Gasp! Someone has ignored the advice that it’s bad form to misbehave at the office Christmas party and killed Ebenezer Burnside (Carson Gilmore), the miserly CEO of a cutlery empire, with a machete. Who did it? Was it Lady Goo-Goo (Lara Starr Rigores), the party’s entertainment, who wasn’t allowed to perform? Her bodyguard, Dino (Tory N. Thompson)? Tiny Timmons (Natasha Lloyd), the firm’s H.R. director who engaged the services of this high-maintgenance diva? It could be anyone, as we learn in“The Knife Before Christmas,” written and directed by Paul Vander Roest for Act Out Mystery Theatre at The Reef Restaurant. The production offers something seasonal and yet off beat, off-color, and, out there in the Queen Mary Room of the redoubtable Reef Restaurant, off the beaten path. It’s a murder, sure, but given the humor of the story, the cleverness of the script, and some fine acting, it’s more a Happy Meal than a Last Supper.
Vander Roest has written another season-appropriate compelling story that seamlessly blends intergenerational pop culture references as well as provides walk-on roles for the audience, which allows the cast much latitude for improvisation and the audience much pause for nostalgia.
It’s not your average Christmas tale; and it’s certainly not your average Christmas Carol. The hero is Detective Sophie Tucker (Lara Starr Rigores). She’s in charge of the murder investigation. She seems competent enough – sharp as tacks, prickly as a cactus, a seeker of truth. We hope she solves the caper, but not too fast, so we can enjoy the meal. The story unfolds as she goes through the process of interviewing a host of suspects that includes Wayward Smithers (Gilmore), the Burnside-besotted P.A.,Tybolt Tyler Trent (Paul Vander Roest), Bertha Burnside (Lloyd), Burnside’s, Junoesque niece, or Rino (Thompson), Dino’s brother.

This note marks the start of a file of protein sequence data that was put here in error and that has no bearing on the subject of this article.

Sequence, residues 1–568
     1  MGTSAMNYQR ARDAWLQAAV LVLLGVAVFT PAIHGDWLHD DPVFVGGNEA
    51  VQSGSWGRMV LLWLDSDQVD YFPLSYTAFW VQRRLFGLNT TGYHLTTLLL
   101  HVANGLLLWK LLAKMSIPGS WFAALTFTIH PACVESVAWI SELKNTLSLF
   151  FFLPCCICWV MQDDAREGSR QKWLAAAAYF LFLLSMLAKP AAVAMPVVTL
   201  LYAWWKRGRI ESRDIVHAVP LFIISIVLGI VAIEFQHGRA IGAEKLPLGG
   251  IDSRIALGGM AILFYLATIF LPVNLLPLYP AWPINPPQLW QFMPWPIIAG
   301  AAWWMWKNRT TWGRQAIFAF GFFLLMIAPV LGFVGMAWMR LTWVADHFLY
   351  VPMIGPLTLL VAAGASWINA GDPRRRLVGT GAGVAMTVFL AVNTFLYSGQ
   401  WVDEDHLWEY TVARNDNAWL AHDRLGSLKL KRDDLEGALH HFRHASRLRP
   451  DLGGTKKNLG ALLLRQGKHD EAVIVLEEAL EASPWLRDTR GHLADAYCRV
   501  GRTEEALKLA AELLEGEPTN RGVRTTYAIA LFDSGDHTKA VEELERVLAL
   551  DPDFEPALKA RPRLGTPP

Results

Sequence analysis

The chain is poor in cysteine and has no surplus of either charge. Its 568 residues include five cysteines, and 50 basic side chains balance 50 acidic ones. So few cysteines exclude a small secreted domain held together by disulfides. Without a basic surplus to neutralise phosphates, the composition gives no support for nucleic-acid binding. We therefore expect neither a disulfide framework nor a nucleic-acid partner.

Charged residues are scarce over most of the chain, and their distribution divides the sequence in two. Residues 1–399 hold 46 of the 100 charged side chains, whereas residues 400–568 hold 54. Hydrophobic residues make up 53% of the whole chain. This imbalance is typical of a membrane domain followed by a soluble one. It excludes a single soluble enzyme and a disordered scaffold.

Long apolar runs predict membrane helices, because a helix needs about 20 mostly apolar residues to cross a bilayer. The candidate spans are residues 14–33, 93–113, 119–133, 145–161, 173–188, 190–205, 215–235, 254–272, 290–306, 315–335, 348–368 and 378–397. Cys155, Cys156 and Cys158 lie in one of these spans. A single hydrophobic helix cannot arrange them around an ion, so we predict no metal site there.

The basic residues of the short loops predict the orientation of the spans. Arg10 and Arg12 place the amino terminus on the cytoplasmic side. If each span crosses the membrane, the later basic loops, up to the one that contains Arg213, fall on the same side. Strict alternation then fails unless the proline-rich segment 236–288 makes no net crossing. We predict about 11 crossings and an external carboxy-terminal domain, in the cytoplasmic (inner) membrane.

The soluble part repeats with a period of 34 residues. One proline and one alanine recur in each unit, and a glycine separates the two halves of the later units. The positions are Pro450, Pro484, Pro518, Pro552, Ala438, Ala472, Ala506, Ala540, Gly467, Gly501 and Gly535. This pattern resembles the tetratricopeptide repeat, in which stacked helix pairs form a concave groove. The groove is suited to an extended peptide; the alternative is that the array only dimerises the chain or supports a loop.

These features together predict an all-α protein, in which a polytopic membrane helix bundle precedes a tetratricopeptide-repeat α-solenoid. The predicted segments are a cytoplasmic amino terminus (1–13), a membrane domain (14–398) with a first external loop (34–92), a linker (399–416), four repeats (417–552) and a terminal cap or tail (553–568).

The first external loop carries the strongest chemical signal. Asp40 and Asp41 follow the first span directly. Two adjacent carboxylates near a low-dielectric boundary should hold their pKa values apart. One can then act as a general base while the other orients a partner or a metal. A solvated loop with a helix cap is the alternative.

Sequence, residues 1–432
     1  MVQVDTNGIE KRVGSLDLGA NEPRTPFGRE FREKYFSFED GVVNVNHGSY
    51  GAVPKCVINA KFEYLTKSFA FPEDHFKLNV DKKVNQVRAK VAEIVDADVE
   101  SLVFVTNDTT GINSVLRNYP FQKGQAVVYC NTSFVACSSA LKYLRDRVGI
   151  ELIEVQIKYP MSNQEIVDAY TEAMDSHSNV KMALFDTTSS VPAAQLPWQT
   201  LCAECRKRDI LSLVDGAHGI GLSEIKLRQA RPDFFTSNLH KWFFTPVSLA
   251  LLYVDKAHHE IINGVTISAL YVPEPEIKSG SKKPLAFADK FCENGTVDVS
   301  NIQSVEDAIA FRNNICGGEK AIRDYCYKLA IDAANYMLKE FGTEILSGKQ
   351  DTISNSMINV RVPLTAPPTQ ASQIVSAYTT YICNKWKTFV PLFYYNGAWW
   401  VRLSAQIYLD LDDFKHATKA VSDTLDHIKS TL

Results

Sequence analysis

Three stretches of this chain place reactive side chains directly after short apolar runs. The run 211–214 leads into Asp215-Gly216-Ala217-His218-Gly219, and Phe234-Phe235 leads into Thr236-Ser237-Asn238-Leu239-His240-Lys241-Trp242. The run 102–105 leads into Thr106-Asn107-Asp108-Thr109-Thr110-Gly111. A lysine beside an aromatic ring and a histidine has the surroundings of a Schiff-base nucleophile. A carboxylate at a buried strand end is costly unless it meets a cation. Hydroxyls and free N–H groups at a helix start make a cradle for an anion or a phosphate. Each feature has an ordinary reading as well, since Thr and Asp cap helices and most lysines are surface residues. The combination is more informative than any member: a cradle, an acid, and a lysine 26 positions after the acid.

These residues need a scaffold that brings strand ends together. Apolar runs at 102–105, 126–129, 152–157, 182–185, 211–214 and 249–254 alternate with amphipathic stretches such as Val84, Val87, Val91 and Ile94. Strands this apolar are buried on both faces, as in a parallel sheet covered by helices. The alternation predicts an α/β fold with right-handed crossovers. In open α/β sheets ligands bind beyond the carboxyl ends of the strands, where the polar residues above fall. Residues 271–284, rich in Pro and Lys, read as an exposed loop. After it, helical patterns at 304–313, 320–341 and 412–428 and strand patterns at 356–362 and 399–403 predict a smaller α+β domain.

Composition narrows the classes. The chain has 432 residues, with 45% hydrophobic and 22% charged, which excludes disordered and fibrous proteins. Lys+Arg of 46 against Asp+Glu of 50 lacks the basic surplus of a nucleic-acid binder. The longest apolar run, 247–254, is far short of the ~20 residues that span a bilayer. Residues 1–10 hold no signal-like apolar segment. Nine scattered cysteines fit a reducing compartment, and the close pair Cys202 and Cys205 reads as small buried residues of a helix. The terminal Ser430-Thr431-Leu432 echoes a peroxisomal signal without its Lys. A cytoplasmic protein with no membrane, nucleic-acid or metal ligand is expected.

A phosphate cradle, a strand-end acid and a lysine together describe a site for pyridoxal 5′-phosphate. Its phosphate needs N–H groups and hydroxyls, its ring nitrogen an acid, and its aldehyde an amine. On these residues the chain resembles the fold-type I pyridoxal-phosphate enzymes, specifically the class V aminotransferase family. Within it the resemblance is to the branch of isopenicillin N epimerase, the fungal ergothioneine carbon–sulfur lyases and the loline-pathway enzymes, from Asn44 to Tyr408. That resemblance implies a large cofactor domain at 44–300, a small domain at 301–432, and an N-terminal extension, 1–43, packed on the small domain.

The production’s engaging, both in the coziness of the Queen Mary Room venue as well as the interactive nature of the story. The small room resembles a company cafeteria, which makes it feel communal as well as helps to concentrate its nonstop laughs.
Playing several roles in the course of the production, the cast showed a formidable versatility in the various requirements of their different characters. Lloyd, for instance, was grand as the meek Tiny Timmons, then blustery as Bertha Burnside, and then dweeby as the accountant Withers. Thompson wasn’t just funny when he was speaking but, in one memorable scene, while attention was off him, he stood off to the side – God knows why – trying to lick his elbow.
With this production you realize the power of live theatre to engage the audience, hold it’s attention, and amuse the bejeezus out of them with a rollicking tale that, like a Christmas miracle, ties together at the end.
Performances were 1 PM, Sat., Dec. 4 and 6 PM, Sun., Dec. 5. The show is available for private parties until the end of Dec. Tickets are $49.95 plus tax, which includes a three course dinner and the show. For more info call 961-9862 or visit www.ActOutMystery.com.